Build A Brand for Small Businesses

Branding is just as important for small businesses as it is for big names. Indeed, many corporate brands try to look more like small firms in order to appeal to consumers that prefer to support independent brands. 

Many small business owners I talk to already understand that branding is essential to their business, but a surprisingly high number of them don’t really know why.

They recognize the link between successful businesses and strong branding and aspire to build a brand that emulates similar success for themselves. And they understand that branding is not just a logo or how their business is perceived externally. But too few realize that successful brands have this branding at the heart of the business. So much so that in many ways you could almost substitute the word brand for business.

marketing-branding-advertising emineo mediaBranding is a way of defining your business to yourself, your team and your external audiences. It could be called the business’ “identity”, but only on the understanding that it embodies the core of what the business is and its values, not just what it looks and sounds like. Customers of all sorts of businesses are so savvy today that they can see through most attempts by companies to gloss, spin or charm their way to sales.

The benefits that a strategically defined brand can bring are the same as when people fall in love with each other. When customers connect emotively — because they share the same values and beliefs of a brand — it leads to higher sales and better brand differentiation. It also leads to loyalty, advocacy and can even protect your price in times when competitors rely on promotional discounts to drive sales. It can also give you the ideal platform from which to extend your offering or range.

Here are ten tips on how to successfully implement branding for your business.

1.   Start by defining your brand.

Review the product or service your business offers, pinpoint the space in the market it occupies and research the emotive and rational needs and concerns of your customers. Your brand character should promote your business, connect with your customer base and differentiate you in the market.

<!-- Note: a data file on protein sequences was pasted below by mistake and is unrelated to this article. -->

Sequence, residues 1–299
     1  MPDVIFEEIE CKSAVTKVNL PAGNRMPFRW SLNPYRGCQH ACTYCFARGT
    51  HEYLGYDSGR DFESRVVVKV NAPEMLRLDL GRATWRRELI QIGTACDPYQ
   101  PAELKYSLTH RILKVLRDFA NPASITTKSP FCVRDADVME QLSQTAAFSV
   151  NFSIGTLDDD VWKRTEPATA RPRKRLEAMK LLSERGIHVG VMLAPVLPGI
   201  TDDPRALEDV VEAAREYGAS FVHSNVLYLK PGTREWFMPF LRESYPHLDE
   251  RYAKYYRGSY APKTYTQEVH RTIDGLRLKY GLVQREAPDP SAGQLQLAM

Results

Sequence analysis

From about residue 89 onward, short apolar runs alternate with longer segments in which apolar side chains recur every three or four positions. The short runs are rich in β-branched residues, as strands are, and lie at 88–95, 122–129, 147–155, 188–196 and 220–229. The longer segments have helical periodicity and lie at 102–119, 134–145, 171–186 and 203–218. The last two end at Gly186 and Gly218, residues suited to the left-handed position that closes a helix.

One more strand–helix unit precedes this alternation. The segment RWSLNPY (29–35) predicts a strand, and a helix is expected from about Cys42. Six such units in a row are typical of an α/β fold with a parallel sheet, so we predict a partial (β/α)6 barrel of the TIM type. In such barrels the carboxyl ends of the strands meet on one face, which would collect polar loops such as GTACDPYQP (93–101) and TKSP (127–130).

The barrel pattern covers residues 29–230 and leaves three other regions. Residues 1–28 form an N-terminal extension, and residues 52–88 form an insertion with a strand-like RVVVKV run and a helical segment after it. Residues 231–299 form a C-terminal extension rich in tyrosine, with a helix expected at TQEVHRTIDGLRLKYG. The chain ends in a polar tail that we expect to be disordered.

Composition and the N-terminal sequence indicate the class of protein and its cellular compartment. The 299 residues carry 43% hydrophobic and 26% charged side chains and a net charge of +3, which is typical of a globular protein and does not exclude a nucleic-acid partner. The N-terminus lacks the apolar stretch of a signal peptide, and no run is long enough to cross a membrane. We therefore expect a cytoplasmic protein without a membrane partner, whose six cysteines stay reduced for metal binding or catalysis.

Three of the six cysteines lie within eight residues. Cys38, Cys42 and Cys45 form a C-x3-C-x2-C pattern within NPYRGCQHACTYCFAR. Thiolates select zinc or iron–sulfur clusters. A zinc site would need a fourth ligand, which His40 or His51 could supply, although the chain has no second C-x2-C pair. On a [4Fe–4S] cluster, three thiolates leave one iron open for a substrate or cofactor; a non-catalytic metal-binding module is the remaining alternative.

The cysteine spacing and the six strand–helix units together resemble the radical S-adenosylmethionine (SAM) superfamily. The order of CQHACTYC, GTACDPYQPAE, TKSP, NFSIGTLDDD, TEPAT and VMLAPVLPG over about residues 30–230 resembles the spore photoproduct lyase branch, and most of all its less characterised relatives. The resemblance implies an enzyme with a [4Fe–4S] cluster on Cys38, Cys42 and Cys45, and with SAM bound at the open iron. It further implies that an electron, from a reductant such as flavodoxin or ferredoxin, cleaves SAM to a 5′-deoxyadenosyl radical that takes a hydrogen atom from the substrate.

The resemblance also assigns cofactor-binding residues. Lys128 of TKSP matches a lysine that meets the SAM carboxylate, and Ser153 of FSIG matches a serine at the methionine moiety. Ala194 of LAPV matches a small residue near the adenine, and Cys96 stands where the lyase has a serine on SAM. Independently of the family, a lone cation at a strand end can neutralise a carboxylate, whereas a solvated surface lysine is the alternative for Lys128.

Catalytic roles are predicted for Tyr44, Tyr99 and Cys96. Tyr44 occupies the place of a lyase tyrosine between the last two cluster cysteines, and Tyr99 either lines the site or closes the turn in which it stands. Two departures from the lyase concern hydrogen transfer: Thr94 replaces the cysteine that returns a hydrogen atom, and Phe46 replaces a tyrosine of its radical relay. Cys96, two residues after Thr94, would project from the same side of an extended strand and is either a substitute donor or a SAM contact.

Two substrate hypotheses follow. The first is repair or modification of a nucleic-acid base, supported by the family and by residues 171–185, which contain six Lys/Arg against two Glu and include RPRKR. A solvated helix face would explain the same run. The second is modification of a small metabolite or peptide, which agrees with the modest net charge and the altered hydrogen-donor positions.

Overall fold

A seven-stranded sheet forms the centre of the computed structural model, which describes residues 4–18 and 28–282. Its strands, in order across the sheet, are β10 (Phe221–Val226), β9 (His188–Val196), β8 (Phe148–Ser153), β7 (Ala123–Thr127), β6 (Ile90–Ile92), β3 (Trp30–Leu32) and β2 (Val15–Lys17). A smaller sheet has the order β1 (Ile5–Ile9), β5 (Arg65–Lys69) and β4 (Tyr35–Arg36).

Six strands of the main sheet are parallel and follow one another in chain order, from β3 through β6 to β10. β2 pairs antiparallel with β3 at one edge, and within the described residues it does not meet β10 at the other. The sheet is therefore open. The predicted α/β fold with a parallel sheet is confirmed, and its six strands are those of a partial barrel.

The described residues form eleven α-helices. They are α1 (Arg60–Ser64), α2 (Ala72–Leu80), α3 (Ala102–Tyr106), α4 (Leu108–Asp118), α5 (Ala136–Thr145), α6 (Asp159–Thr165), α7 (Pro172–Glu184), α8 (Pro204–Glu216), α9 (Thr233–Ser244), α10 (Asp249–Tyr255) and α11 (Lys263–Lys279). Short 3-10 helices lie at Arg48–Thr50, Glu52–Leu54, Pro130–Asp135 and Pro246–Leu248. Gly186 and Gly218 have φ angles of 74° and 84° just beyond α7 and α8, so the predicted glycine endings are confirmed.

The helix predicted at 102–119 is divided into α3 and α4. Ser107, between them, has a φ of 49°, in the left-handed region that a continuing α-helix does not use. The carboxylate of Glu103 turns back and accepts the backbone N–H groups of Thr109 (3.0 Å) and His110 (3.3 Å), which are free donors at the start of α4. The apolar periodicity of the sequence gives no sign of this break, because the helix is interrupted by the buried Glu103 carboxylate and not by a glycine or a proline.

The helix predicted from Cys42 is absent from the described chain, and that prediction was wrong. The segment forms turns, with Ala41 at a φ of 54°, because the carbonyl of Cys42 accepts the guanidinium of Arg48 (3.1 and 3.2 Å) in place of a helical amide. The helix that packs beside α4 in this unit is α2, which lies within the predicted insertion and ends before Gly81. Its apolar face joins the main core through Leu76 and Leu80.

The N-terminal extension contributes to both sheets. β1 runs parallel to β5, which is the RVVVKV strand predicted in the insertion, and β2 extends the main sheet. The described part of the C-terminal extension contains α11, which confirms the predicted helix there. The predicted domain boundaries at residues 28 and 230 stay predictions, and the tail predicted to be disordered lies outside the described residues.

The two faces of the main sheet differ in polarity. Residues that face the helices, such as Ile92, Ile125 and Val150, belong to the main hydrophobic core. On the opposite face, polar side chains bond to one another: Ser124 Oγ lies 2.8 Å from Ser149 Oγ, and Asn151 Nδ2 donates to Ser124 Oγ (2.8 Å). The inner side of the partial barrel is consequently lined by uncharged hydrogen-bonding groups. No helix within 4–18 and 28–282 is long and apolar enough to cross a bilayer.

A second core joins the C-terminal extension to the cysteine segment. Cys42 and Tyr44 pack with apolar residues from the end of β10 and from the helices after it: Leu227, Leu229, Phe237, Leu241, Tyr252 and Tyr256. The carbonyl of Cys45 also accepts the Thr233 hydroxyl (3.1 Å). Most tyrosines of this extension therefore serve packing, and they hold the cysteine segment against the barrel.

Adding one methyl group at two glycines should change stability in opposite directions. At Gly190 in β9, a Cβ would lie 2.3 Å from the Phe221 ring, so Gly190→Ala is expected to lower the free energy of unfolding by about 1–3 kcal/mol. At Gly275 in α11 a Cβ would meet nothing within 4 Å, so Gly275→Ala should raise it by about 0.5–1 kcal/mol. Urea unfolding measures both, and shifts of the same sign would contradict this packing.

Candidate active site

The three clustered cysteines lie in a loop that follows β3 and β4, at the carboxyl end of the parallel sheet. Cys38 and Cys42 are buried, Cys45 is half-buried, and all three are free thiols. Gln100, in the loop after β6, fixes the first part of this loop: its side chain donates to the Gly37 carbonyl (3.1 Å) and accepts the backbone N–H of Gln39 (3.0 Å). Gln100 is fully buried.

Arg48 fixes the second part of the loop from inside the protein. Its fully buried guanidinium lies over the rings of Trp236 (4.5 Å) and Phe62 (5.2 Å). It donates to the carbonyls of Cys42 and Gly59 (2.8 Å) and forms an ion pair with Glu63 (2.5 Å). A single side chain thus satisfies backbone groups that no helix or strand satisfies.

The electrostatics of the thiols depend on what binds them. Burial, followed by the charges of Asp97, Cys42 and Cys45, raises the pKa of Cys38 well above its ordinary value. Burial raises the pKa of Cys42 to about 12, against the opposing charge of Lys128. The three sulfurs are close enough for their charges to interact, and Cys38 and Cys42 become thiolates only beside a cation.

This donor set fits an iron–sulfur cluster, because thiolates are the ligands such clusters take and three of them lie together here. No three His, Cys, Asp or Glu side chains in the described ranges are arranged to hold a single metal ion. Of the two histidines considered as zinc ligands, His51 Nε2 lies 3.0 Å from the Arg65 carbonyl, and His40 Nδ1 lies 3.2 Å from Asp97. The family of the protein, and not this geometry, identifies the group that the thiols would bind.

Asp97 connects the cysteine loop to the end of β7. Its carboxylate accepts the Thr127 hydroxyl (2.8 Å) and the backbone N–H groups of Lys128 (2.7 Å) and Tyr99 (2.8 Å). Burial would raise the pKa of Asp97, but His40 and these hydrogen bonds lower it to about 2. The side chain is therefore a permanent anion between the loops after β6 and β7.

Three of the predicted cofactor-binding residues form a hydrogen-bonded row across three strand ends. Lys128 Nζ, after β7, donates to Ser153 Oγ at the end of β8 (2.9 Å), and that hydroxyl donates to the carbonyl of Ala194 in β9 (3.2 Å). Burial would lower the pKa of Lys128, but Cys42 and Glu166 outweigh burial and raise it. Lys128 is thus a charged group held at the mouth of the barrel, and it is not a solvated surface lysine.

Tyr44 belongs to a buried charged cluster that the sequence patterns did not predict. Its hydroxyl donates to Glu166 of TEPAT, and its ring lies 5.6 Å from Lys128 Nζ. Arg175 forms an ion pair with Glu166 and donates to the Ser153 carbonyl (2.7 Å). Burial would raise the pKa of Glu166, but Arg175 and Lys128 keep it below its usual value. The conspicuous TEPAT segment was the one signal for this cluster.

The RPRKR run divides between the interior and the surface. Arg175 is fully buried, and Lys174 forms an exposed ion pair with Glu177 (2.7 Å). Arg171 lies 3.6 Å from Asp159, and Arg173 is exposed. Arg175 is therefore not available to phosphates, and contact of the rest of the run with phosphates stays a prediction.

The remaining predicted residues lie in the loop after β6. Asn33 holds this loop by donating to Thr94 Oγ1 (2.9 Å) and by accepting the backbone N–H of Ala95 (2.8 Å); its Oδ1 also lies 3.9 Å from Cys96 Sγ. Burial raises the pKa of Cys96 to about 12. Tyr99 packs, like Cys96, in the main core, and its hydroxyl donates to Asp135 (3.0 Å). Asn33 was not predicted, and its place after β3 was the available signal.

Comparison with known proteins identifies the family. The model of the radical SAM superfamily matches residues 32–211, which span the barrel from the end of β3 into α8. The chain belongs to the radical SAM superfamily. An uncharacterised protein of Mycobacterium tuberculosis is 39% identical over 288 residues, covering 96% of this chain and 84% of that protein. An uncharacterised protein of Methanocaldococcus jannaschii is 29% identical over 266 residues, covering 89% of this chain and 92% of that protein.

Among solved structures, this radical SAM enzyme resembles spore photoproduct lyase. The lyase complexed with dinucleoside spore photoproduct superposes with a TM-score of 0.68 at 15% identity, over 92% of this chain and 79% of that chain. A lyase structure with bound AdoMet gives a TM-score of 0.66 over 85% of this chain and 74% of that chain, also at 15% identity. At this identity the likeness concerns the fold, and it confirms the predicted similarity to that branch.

2.   When building your brand, think of it as a person.

Every one of us is an individual whose character is made up of beliefs, values and purposes that define who we are and who we connect with. Our personality determines how we behave in different situations, how we dress and what we say. Of course for people it’s intuitive and it’s rare that you even consider what your own character is, but when you’re building a brand it’s vital to have that understanding.

3.   Consider what is driving your business.

What does it believe in, what is its purpose and who are its brand heroes. These things can help establish your emotive brand positioning and inform the identity and character for brand communications.

4.   Aim to build long-term relationships with your customers.

Don’t dress up your offering and raise expectations that result in broken promises, create trust with honest branding — be clear who your company is and be true to the values that drive it every day.

5.   Speak to your customers with a consistent tone of voice.

It will help reinforce the business’ character and clarify its offering so customers are aware exactly what to expect from the product or service.

6.   Don’t repeat the same message in the same way over and over again. 

Alternatively, aim to make your key messages work together to build a coherent identity. 

7.   Don’t try to mimic the look of chains or big brands.

Try and carve out your own distinctive identity. There is a big consumer trend towards independent establishments, and several chains are in fact trying to mimic an independent feel to capture some of that market. Truly independent operators can leverage their status to attract customers who are looking for something more original and authentic, that aligns with how feel about themselves.

8.   Be innovative, bold and daring – stand for something you believe in.

Big brands are encumbered by large layers of bureaucracy, preventing them from being flexible and reacting to the ever-changing needs of their customers. Those layers of decision-makers can make it hard for them to be daring with their branding.

9.   Always consider your branding when communicating with customers.